The first time I read a novel by Jennifer Echols, I was probably 16 and I believe the book was “Forget You.” And back then, it nearly killed me. I absolutely loved it — I think I read it like three times. I haven’t read it since and that’s probably why I still remember it fondly.

See, I just finished her novel, “Love Story,” and boy did I hate it. Under normal circumstances, I wouldn’t have touched a book with such a lame name (I do judge books by their covers because I am, simply put, a rebel). But because I remembered liking “Forget You,” I picked it up. Big mistake. It was overwritten and wholly ridiculous. Like the girl’s life is straight out of a soap opera and not in a good way.

It was definitely not my taste. But if you’re into super cheesy romance novels — which we all are sometimes — then this one’s probably a good fit.

SHORT POST TODAY BECAUSE I AM AN EXHAUSTED OLD LADY!!!!!

 

PEACE OUT NERDS

The Delirium series by Lauren Oliver

I just finished the Delirium series by Lauren Oliver. I put off reading this trilogy for a while because I thought the premise was pretty cheesy and a little dumb. “Love is a disease and we’ve cured it” and all that nonsense. And, in reading all of the books, I wasn’t entirely convinced. Because if you supposedly cure all human beings of love, how are they feeling anything at 11614718all? How do you get anything done? So I had some trouble with the believability of the whole thing. That being said, I really enjoyed reading the series. I had to sort of suspend my disbelief about the whole love disease aspect (which is admittedly, a huge aspect) in order to enjoy the rest of the story.

The first book, “Delirium,” was my favorite of the three. It has a great, exciting pace and characters who I found it very easy to empathize with. Oliver’s strongest point is her imagery and her careful, never wordy, diction. It’s difficult to set up the scene in someone’s bedroom, let alone a whole city after curfew or a contraband “love” party that’s in the midst of a dog-fueled raid, but Oliver knows how to do it, and how to do it well. Her characters’ arcs, specifically Lena’s and Alex’s, were authentic and heartbreaking and I felt most connected to them and their story in the first book.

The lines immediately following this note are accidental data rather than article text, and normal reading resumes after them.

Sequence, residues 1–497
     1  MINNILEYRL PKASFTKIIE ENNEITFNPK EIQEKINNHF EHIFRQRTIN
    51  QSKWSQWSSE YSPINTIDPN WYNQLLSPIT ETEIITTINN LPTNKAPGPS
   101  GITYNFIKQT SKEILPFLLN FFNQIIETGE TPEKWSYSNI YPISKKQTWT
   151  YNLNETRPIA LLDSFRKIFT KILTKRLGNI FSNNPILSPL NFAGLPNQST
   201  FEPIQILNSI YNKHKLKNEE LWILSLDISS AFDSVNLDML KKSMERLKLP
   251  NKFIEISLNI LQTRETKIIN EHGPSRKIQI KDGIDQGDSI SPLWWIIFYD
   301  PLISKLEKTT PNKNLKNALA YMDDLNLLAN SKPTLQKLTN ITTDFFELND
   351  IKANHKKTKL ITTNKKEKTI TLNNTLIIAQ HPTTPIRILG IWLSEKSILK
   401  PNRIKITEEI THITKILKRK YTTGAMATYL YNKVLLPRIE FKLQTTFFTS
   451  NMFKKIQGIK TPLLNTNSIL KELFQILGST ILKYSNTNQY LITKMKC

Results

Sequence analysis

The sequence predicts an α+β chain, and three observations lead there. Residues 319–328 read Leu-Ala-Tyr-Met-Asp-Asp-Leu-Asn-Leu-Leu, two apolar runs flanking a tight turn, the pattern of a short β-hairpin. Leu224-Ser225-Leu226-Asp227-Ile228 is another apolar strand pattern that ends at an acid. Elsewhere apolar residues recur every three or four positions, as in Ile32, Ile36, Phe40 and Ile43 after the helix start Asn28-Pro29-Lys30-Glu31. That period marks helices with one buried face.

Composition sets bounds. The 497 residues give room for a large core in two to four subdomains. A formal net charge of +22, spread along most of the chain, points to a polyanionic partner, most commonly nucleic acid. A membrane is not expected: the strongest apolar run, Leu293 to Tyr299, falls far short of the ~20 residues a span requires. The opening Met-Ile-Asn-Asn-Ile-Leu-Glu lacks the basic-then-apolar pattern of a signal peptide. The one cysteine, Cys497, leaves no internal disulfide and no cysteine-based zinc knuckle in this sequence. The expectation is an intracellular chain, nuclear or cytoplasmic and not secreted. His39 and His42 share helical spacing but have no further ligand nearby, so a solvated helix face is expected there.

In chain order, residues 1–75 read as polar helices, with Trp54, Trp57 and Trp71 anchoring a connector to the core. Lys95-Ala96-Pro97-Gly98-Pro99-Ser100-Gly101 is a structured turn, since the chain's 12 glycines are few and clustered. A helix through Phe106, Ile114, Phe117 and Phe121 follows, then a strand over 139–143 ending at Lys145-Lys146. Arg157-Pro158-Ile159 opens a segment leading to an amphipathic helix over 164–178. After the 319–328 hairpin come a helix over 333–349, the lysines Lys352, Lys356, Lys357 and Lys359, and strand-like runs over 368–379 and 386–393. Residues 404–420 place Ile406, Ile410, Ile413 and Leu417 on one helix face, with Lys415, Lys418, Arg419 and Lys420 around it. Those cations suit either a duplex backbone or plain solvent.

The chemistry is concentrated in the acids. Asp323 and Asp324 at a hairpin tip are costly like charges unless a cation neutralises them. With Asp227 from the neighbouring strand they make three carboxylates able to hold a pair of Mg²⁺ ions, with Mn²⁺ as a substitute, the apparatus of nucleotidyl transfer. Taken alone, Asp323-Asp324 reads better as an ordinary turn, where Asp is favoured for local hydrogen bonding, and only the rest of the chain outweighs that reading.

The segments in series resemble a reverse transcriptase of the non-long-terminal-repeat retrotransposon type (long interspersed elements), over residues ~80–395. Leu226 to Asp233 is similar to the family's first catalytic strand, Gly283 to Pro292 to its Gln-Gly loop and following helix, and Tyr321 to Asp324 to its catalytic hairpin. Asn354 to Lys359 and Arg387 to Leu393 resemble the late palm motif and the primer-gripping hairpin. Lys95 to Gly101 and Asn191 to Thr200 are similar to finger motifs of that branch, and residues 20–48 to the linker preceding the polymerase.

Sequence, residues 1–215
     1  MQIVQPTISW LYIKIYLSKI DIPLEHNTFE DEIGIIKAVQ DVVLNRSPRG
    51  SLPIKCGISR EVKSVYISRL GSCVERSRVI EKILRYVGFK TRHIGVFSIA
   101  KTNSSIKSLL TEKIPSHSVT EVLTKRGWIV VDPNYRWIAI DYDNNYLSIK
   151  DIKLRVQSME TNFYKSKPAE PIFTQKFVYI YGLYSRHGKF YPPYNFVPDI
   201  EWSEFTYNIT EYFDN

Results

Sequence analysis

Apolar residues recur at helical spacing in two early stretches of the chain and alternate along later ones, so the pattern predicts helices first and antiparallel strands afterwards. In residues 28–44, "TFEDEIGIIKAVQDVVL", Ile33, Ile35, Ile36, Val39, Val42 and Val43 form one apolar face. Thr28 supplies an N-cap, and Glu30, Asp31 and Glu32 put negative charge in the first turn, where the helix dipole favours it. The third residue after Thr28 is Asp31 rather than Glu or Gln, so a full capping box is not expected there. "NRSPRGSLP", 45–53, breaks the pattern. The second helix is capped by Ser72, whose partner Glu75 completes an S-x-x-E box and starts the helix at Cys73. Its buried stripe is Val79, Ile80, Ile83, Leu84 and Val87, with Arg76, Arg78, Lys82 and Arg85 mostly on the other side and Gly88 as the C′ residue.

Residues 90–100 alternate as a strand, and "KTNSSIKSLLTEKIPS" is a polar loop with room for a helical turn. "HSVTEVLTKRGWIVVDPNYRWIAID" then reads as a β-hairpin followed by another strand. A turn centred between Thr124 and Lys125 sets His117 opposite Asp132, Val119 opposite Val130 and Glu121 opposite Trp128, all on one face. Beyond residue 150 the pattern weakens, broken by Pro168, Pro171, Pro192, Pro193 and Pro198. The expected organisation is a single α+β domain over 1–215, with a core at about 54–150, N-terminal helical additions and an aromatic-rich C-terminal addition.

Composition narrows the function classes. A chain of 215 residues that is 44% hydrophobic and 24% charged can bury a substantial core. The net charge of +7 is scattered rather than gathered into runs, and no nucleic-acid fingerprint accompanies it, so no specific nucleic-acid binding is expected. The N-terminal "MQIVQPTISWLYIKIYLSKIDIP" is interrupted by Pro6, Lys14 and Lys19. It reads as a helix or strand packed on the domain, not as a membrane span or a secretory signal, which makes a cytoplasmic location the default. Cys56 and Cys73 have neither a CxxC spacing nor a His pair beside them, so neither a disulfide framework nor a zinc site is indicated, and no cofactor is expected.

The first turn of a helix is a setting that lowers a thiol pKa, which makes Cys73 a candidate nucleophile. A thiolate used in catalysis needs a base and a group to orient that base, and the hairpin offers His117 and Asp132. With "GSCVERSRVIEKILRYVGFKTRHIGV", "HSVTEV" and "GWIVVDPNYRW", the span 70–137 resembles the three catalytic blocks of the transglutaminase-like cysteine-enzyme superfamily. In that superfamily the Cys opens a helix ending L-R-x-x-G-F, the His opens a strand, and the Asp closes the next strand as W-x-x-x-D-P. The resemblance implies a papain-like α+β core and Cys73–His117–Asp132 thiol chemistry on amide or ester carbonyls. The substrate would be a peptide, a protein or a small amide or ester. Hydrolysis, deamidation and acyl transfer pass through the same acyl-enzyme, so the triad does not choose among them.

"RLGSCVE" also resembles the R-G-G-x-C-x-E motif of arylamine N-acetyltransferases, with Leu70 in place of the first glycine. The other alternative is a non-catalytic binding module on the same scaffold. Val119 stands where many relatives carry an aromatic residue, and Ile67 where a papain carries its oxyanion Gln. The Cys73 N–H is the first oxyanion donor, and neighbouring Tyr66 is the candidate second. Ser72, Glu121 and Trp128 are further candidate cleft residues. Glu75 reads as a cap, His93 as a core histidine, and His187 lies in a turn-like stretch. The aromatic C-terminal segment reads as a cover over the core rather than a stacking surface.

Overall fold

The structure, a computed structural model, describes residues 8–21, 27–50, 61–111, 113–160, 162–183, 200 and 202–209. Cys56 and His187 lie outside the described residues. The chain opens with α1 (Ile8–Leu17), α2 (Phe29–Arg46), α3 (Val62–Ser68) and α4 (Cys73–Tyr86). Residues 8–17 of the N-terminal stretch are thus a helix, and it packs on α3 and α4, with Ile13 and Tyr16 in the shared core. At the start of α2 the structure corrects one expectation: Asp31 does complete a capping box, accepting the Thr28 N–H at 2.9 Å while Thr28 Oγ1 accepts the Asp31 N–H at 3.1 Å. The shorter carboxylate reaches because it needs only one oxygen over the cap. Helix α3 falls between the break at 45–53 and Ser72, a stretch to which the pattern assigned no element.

The second book, “Pandemonium,” was good, with its swath of new characters including Lena’s second love interest, Julian, and other members of the Resistance. I think its function was mostly to set up the action of the final novel, and to show how one person can adapt and operate in the face of devastating hardship. I’m a fan of Alex, so the introduction of Julian kind of bummed me out, but I think that was the point. Life goes on, and all that.

The third book, “Requiem,” was just all right, to be honest. In my experience, final novels in a series generally kind of suck. The earlier novels have built this massive web of story lines and characters that readers care deeply about and it’s the final novel’s job to wrap it up in some kind of satisfying manner, and it’s impossible to do that and make everyone happy. But authors try anyway, resulting in a final novel that can feel rushed and underwritten. Such is the case with “Requiem,” and I’m sad to say I really only enjoyed the last 50 pages and the book has 391.

I think Oliver had some very valid and intriguing things to say on the manner of love and the power of a government mankind’s relentless desire to hope and fight when something precious is at stake, and I’m glad she wrote the trilogy. Would I read it again? Probably not. And if I did, it’s a safe bet I’d only make it through the first one. But it’s definitely a necessary read for self-proclaimed lovers of dystopian and YA fiction. Hence why I read it. HENCE HENCE HENCE.